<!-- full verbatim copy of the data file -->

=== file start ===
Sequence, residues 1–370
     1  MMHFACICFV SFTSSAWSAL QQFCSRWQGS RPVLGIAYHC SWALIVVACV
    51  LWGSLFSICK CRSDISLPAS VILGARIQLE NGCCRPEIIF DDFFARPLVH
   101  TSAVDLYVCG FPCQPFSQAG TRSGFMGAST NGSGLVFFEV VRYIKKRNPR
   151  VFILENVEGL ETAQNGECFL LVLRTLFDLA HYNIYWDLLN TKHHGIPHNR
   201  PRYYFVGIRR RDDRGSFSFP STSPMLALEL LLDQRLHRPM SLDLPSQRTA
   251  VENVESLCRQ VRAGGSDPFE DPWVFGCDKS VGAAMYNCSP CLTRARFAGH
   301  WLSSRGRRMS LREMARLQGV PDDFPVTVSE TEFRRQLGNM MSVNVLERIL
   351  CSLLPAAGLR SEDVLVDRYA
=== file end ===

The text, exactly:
Sequence, residues 1–370
     1  MMHFACICFV SFTSSAWSAL QQFCSRWQGS RPVLGIAYHC SWALIVVACV
    51  LWGSLFSICK CRSDISLPAS VILGARIQLE NGCCRPEIIF DDFFARPLVH
   101  TSAVDLYVCG FPCQPFSQAG TRSGFMGAST NGSGLVFFEV VRYIKKRNPR
   151  VFILENVEGL ETAQNGECFL LVLRTLFDLA HYNIYWDLLN TKHHGIPHNR
   201  PRYYFVGIRR RDDRGSFSFP STSPMLALEL LLDQRLHRPM SLDLPSQRTA
   251  VENVESLCRQ VRAGGSDPFE DPWVFGCDKS VGAAMYNCSP CLTRARFAGH
   301  WLSSRGRRMS LREMARLQGV PDDFPVTVSE TEFRRQLGNM MSVNVLERIL
   351  CSLLPAAGLR SEDVLVDRYA